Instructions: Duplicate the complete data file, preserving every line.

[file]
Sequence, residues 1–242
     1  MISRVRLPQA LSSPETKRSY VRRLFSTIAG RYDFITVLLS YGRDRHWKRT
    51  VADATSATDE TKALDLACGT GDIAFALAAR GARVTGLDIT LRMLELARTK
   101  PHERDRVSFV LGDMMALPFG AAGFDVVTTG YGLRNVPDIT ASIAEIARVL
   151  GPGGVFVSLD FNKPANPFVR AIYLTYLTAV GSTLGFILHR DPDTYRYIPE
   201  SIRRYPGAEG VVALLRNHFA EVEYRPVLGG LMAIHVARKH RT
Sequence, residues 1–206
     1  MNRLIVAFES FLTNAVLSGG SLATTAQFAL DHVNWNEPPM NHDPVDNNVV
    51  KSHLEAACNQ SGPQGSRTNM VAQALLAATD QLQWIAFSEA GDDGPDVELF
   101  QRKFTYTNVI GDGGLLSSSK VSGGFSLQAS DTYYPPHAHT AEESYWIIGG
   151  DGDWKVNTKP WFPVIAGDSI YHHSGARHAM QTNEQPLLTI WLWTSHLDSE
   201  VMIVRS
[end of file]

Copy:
Sequence, residues 1–242
     1  MISRVRLPQA LSSPETKRSY VRRLFSTIAG RYDFITVLLS YGRDRHWKRT
    51  VADATSATDE TKALDLACGT GDIAFALAAR GARVTGLDIT LRMLELARTK
   101  PHERDRVSFV LGDMMALPFG AAGFDVVTTG YGLRNVPDIT ASIAEIARVL
   151  GPGGVFVSLD FNKPANPFVR AIYLTYLTAV GSTLGFILHR DPDTYRYIPE
   201  SIRRYPGAEG VVALLRNHFA EVEYRPVLGG LMAIHVARKH RT
Sequence, residues 1–206
     1  MNRLIVAFES FLTNAVLSGG SLATTAQFAL DHVNWNEPPM NHDPVDNNVV
    51  KSHLEAACNQ SGPQGSRTNM VAQALLAATD QLQWIAFSEA GDDGPDVELF
   101  QRKFTYTNVI GDGGLLSSSK VSGGFSLQAS DTYYPPHAHT AEESYWIIGG
   151  DGDWKVNTKP WFPVIAGDSI YHHSGARHAM QTNEQPLLTI WLWTSHLDSE
   201  VMIVRS